One of the many reasons I fell in love with the book is the relatable stories Chef Besh narrates with nearly every recipe.  He makes the case for the importance of home cooked meals not only from a nutrition standpoint; but from the joy and “togetherness” that sharing meals with our families bring.

Browning Chicken

There is so much more to food than eating.  Cooking with friends and family is an experience and a joyful time; specially if we are going to gather and share the meal together.  The book is not one recipe after another but a narrated story of how food is part of his family’s every day life.  From busy weeknight dinners his wife prepares before loading the boys in the car to take them to sports to Sunday family gatherings, brunch and breakfast recipes.

Sautéing the Vegetables

Even with its shiny cover and beautiful pictures the book makes the point that you don’t have to be a chef to make the recipes.  Besh tells us to forget about having all the right ingredients and just get cooking.  I highly suggest cooking the risotto, you won’t want it any other way.  And for a real treat… the Nutella stuffed french toast. Oh my!

Adding crushed tomatoes and the reduced marinade to the sauteed vegetables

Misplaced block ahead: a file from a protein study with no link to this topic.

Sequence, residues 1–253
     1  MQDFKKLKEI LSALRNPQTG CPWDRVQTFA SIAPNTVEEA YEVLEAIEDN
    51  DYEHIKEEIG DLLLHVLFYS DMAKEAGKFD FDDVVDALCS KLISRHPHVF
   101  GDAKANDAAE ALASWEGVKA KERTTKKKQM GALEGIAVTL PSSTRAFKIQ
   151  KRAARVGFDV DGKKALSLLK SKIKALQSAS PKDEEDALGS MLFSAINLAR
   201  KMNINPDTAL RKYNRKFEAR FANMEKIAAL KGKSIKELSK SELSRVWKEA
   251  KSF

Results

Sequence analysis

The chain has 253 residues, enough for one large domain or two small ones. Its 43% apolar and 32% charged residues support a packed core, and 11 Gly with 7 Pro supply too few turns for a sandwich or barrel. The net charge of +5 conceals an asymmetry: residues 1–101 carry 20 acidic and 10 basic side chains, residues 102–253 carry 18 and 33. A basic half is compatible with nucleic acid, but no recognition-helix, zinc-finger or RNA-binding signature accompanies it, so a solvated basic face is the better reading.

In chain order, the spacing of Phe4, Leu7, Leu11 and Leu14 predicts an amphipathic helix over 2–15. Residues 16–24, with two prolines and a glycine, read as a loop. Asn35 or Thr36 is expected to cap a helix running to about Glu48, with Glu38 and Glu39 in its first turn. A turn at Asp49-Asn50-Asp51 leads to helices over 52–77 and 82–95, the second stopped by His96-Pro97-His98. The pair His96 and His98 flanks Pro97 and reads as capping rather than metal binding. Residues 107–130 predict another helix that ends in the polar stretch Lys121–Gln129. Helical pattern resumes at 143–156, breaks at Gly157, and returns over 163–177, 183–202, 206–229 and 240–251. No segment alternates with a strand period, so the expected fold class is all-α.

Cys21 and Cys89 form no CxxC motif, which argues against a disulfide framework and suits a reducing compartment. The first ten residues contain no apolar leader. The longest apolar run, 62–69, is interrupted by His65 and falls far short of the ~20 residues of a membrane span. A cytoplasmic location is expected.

I had more fun cooking this meal with my friend Christy than I’ve had in a long time.  I’m used to cooking for my family in the afternoons with two kids running around and pregnant; often juggling homework, packing lunches, and testing a recipe or two for MOMables.

Now the chicken goes back in

While this wasn’t a 30 minute weeknight meal, the simplicity and richness of flavors made this the perfect Sunday dinner.  The house began to fill with with rich aromas that brought me back to my grandmother’s kitchen.  Yes, she used to cook meals like this often.

I have to admit that we were so excited to finally eat this dish that we forgot to take a picture of our plate!  The good news, is that the next day the flavors married within the food longer and the bowl I had for lunch was just as delicious as the night before.

Want to get a copy? You know you do…


Last Photo credit

Orange and Port Cranberry Sauce Recipe

Want to upgrade your canned cranberry sauce? If so, you are going to love this Orange and port cranberry sauce recipe.

This orange and port cranberry sauce recipe is a total upgrade from the canned version!

Whether you make this recipe for your Thanksgiving meal or your Holiday gatherings, I can almost guarantee that you’ll be asked for the recipe!

Orange & Port Cranberry Sauce
Serves: 5-6 cups
  • 2 - 12oz bags whole cranberries
  • 1 cup 100% orange juice -not from concentrate
  • ¾ cup sugar
  • 1 cup ruby port
  1. Rinse cranberries.
  2. Add all ingredients in a 4qt pot and bring to a boil stirring occasionally.
  3. Lower heat to medium-high heat (so it continues to boil) for 12-15min stirring occasionally.
  4. Remove from heat. Allow sauce to cool.
  5. For "chunky" sauce pour in glass jars as is. If you like a "smooth" cranberry sauce pour in blender and blend until smooth (once cooled). Then transfer to jelly mason jars. Makes between 6-7 jelly sized jars. Good thing, because you are going to want to have extra to give away to your guests or to use in leftover sandwiches!